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Crackdown on Belarusian Protesters Escalates

Minsk has been heavily criticized for its handling of peaceful demonstrations against President Lukashenka. 

14 March 2017

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The European Union and Amnesty International have called for the release of protesters arrested last weekend, with EU spokeswoman Maja Kocijancic saying that the police action against the protesters was “in contradiction with Belarus' declared policy of democratization," according to RFE/RL.

 

The protests started in mid-February after the authorities pushed for over 400,000 people to pay a special tax on the unemployed and semi-employed for the first time since legislation was amended two years ago. Although the law has since been suspended, the protests calling for Lukashenka’s resignation continued over the past weekend, resulting in the detention of at least 48 people, including journalists and others who have been charged with attending “unauthorized” demonstrations.

 

 

The confrontations between protestors and the authorities have unsettled many already on edge over escalating tensions with Russia. The relationship between the two countries has often been rocky in recent years as Lukashenka has tried to balance improving relations with the West with keeping Russia content that Belarus will not leave its “orbit.” Moscow has banned certain Belarusian meat and agriculture products, and limited oil exports to Minsk. Earlier this month, Russian agriculture watchdog Rosselkhoznadzor issued warnings to two large Belarusian cheese producers over their use of a preservative, causing some to wonder if the motivation was rather political than for health reasons.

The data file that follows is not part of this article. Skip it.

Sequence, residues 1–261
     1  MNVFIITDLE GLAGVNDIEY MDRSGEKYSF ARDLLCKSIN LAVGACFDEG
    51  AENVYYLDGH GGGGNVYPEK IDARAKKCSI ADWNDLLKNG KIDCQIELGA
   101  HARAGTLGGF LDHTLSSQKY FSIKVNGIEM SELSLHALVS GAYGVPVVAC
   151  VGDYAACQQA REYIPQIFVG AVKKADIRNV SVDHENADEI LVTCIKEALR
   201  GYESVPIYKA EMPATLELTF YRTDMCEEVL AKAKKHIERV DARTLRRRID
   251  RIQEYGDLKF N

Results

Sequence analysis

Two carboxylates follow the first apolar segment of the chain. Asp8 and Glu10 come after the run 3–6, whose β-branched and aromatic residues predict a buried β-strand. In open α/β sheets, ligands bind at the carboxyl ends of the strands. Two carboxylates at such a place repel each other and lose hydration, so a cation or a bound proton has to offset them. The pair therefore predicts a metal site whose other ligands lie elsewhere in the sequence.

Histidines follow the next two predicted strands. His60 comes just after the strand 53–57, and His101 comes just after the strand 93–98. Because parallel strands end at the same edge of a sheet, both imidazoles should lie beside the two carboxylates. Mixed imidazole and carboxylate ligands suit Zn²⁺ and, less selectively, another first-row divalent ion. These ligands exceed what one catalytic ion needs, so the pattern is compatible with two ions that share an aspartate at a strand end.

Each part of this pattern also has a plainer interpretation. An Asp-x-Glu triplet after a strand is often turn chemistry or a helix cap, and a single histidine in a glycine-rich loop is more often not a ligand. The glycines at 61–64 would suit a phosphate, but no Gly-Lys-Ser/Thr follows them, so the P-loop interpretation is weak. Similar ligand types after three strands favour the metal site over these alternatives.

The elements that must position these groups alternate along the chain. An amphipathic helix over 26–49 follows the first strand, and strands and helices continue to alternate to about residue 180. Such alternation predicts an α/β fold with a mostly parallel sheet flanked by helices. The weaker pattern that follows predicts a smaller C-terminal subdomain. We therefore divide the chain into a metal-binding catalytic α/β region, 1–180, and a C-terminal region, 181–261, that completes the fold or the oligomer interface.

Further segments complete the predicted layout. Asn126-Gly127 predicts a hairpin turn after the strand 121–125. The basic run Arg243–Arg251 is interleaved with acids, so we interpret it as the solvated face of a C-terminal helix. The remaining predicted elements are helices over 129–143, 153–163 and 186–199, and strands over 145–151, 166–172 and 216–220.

A month ago, Russia has established controls on its border with Belarus for the first time in what appears to be a reaction to Minsk’s decision to abolish some tourist visas, and another sign of the two countries’ deteriorating relationship.

 

Such arguments have ignited fears of a Russian intervention, with some analysts speculating that the mounting protests in Belarus could be used as a pretext for Russian President Vladimir Putin to move as he did in Ukraine, according to the LA Times.

 

The situation could potentially escalate, according to Andrei Porotnikov, a security analyst with the Belarus Security Blog. “What the Lukashenka administration doesn’t accept yet is that the Kremlin is only giving ultimatums now. Things aren’t going to be resolved in the same way they previously were,” Porotnikov told the LA Times.  

 

In an article for Forbes, Paul Coyer, a foreign policy expert, wrote of the current dilemma faced by the Belarusian president: “Lukashenka is not in an enviable position – he cannot afford to antagonize Moscow too greatly as his continued rule depends upon Russian support. At the same time, he doesn't want to throw away all of the effort he has undertaken over the past three years to warm ties with the West.”

 

 

 

  • However, falling oil prices and an economic crisis in Russia have driven down yearly incomes, from $7,500 a year for the average Belarusian in 2014 to $4,000 this year.

 

  • Lukashenka announced that those who had paid the tax for 2016 and would find a job this year would be fully compensated.

 

  • Lukashenka has served as the president of Belarus since 1994 and is often referred to as “Europe's last dictator.”
Compiled by Mate Mohos
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